Kevin Barry (Night Boat to Tangier)
It had taken Jack awhile to get used to Spanish cooking. They never served the great joints of beef, legs of pork and haunches of venison without which no feast was complete in England; nor did they consume thick slabs of bread. They did not have the lush pastures for grazing vast herds of cattle or the rich soil on which to grow fields of waving wheat. They made up for the relatively small quantities of meat by imaginative ways of cooking it with all kinds of spices
Ken Follett (The Pillars of the Earth (Kingsbridge, #1))
Old-time ranchers planted cheatgrass because it would green up fast in the spring and provide early forage for grazing cattle,” Oyster says, nodding his head at the world outside. This first patch of cheatgrass was in southern British Columbia, Canada, in 1889. But fire spreads it. Every year, it dries to gunpowder, and now land that used to burn every ten years, it burns every year. And the cheatgrass recovers fast. Cheatgrass loves fire. But the native plants, the sagebrush and desert phlox, they don’t. And every year it burns, there’s more cheatgrass and less anything else. And the deer and antelope that depended on those other plants are gone now. So are the rabbits. So are the hawks and owls that ate the rabbits. The mice starve, so the snakes that ate the mice starve. Today, cheatgrass dominates the inland deserts from Canada to Nevada, covering an area over twice the size of the state of Nebraska and spreading by thousands of acres per year. The big irony is, even cattle hate cheatgrass, Oyster says. So the cows, they eat the rare native bunch grasses. What’s left of them... “When you think about it from a native plant perspective,” Oyster says, “Johnny Appleseed was a fucking biological terrorist.” Johnny Appleseed, he says, might as well be handing out smallpox.
Chuck Palahniuk (Lullaby)
Memory is a landscape watched from the window of a moving train. We watch the dawn light break over the acacia trees, the birds pecking at the morning, as though at a fruit. Further off we see the serenity of a river, and the trees embracing its banks. We see the cattle slowly grazing, a couple running, holding hands, children dancing around a football, the ball shining in the sun (another sun). We see the calm lakes where there are ducks swimming, rivers heavy with water where elephants quench their thirst. These things happen right before our very eyes, we know them to be real, but they’re so far away we can’t touch them. Some are so far, so very far away, and the train moving so fast, that we can’t be sure any longer that they really did happen. Maybe we merely dreamed them?
José Eduardo Agualusa (The Book of Chameleons)
This then is Borgia Rome: a city where a traveler entering the gates must still cross acres of country before he reaches the center, where animals still outnumber citizens, goats and cattle grazing the imperial ruins, their insistent teeth pulling weeds—and mortar—from between the stones of history. A city still struggling with a chasm of hardship between rich and poor, still ripped apart by gross family violence. But also a place of growing magnificence and confidence where, for the first time in centuries, the future no longer looks bleaker than the past, and where the new Pope has chosen for himself a name designed to foster a belief in magnificence again. Alexander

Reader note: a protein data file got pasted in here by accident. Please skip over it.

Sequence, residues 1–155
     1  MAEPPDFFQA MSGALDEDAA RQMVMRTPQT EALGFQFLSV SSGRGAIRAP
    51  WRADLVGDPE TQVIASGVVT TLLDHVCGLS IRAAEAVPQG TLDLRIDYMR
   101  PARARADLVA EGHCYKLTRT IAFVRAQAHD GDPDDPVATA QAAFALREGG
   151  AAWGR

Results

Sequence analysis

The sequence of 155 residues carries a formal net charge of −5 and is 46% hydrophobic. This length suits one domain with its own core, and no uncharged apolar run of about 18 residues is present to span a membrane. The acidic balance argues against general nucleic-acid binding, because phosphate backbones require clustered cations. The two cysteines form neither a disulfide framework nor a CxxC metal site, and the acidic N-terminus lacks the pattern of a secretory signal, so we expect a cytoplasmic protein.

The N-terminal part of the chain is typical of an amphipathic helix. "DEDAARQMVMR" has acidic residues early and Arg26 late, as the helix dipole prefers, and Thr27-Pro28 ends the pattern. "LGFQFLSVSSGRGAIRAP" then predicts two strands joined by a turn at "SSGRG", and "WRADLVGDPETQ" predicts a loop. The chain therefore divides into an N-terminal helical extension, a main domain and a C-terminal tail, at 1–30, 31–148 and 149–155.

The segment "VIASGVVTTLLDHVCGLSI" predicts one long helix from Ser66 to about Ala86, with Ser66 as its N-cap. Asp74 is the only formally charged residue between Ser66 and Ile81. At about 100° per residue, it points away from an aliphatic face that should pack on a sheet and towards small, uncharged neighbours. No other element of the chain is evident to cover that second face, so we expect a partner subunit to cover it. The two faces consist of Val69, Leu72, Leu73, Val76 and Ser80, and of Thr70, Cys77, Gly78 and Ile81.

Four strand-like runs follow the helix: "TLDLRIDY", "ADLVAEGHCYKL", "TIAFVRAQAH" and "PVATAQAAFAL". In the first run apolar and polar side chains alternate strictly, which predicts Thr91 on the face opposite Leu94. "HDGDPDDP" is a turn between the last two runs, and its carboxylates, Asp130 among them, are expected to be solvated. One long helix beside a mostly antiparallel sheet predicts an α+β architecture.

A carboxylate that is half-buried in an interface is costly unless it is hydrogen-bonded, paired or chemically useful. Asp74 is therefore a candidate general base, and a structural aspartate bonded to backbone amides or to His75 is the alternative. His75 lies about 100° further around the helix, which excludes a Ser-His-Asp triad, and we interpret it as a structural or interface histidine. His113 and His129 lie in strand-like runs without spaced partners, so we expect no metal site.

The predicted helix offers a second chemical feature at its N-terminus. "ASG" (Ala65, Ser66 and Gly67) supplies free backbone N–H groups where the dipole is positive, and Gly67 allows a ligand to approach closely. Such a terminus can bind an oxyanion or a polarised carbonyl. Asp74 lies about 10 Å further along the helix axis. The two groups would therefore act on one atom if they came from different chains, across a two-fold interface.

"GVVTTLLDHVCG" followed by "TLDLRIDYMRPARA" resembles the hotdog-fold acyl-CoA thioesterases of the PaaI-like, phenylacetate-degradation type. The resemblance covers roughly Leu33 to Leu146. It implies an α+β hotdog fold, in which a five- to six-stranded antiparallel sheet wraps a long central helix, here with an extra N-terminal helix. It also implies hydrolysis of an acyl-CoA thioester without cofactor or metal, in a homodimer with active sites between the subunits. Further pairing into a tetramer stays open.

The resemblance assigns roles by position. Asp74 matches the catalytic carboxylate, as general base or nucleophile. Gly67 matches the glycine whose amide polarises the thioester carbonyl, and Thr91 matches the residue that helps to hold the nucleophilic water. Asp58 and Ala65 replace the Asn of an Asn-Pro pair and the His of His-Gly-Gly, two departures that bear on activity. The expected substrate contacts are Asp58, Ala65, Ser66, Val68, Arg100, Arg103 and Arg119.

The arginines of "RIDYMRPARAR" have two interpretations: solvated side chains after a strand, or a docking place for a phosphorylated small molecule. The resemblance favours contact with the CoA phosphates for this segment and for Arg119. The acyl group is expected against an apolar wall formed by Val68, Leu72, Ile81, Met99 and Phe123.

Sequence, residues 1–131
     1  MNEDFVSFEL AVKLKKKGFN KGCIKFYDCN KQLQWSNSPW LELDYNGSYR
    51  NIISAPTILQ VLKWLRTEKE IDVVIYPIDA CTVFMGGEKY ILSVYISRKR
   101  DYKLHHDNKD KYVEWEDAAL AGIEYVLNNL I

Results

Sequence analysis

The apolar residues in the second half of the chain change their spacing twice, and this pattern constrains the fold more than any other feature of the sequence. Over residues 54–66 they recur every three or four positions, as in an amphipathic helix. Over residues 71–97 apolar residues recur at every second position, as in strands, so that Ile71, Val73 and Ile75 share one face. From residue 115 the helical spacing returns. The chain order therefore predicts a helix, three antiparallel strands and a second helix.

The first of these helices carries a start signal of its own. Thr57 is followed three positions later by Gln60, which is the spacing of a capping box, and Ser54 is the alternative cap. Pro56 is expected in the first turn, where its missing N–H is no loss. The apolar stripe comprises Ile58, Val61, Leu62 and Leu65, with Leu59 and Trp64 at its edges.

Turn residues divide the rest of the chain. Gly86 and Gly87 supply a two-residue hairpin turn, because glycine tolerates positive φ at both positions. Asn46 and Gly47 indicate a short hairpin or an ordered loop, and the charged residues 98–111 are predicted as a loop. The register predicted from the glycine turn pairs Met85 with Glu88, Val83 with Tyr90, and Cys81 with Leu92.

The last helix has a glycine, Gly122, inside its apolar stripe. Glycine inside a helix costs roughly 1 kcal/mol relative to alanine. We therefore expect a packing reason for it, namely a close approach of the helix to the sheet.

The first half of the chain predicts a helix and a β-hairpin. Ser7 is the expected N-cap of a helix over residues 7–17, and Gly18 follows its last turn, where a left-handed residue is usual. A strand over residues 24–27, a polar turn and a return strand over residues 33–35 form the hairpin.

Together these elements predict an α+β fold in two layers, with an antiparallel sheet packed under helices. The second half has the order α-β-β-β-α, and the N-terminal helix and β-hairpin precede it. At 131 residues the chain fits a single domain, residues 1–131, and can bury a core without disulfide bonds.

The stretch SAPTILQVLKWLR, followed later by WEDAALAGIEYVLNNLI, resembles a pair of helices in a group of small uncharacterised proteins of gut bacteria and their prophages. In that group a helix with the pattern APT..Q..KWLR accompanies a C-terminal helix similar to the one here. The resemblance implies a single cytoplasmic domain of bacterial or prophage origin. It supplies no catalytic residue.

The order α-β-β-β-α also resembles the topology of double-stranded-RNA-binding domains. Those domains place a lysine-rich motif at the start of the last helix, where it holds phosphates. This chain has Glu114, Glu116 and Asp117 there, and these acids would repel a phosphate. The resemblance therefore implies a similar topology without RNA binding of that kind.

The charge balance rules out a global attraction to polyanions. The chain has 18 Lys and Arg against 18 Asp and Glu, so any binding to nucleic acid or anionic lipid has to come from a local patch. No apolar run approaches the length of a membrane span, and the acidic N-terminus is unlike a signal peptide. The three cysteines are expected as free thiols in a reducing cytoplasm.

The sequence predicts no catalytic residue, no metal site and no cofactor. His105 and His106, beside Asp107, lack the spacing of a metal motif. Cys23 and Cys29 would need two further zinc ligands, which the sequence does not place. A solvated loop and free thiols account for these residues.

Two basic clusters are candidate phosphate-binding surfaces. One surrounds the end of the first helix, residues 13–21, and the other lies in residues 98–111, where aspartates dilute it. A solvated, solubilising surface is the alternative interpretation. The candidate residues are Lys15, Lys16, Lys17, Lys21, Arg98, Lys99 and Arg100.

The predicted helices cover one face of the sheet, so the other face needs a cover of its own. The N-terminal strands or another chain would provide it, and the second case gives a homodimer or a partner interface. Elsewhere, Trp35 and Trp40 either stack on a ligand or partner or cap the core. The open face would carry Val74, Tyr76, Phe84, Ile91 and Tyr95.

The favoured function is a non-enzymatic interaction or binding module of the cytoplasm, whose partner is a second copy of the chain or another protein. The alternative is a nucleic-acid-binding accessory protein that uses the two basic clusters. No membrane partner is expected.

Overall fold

Sarah Dunant (Blood & Beauty: The Borgias)
The top 10 percent of grazing-permit holders on federal lands own 50 percent of all livestock on those lands; the bottom 50 percent own just 5 percent.
Christopher Ketcham (This Land: How Cowboys, Capitalism, and Corruption Are Ruining the American West)
Now right here, where the borders of South Sudan, Ethiopia, and Kenya all come together, there’s a patch of land, perhaps 14 or 15 thousand square kilometers—about the size of Montenegro—that is contested. This is just some unpopulated marginal cattle grazing country that is a hot soggy sponge in the rainy season and then a scorching hot griddle in the dry season. There are just a few villages, and most of those are just seasonally occupied.
James Wesley, Rawles (Land of Promise (Counter-Caliphate Chronicles Series Book 1))
In Charly Cruz’s garage there was a mural painted on one of the cement walls. The mural was six feet tall and maybe ten feet long and showed the Virgin of Guadalupe in the middle of a lush landscape of rivers and forests and gold mines and silver mines and oil rigs and giant cornfields and wheat fields and vast meadows where cattle grazed. The Virgin had her arms spread wide, as if offering all of these riches in exchange for nothing. But despite being drunk, Fate noticed right away there was something wrong about her face. One of the Virgin’s eyes was open and the other eye was closed.
Roberto Bolaño (2666)
Public grazing provides just one dollar out of every $2,500 of taxable income in the West, or 0.04 percent, and just one out of everything 1,400 jobs, or 0.07 percent. On both public and private lands in the eleven Western states, the livestock industry accounts for less than 0.5 percent of all income.
Christopher Ketcham (This Land: How Cowboys, Capitalism, and Corruption Are Ruining the American West)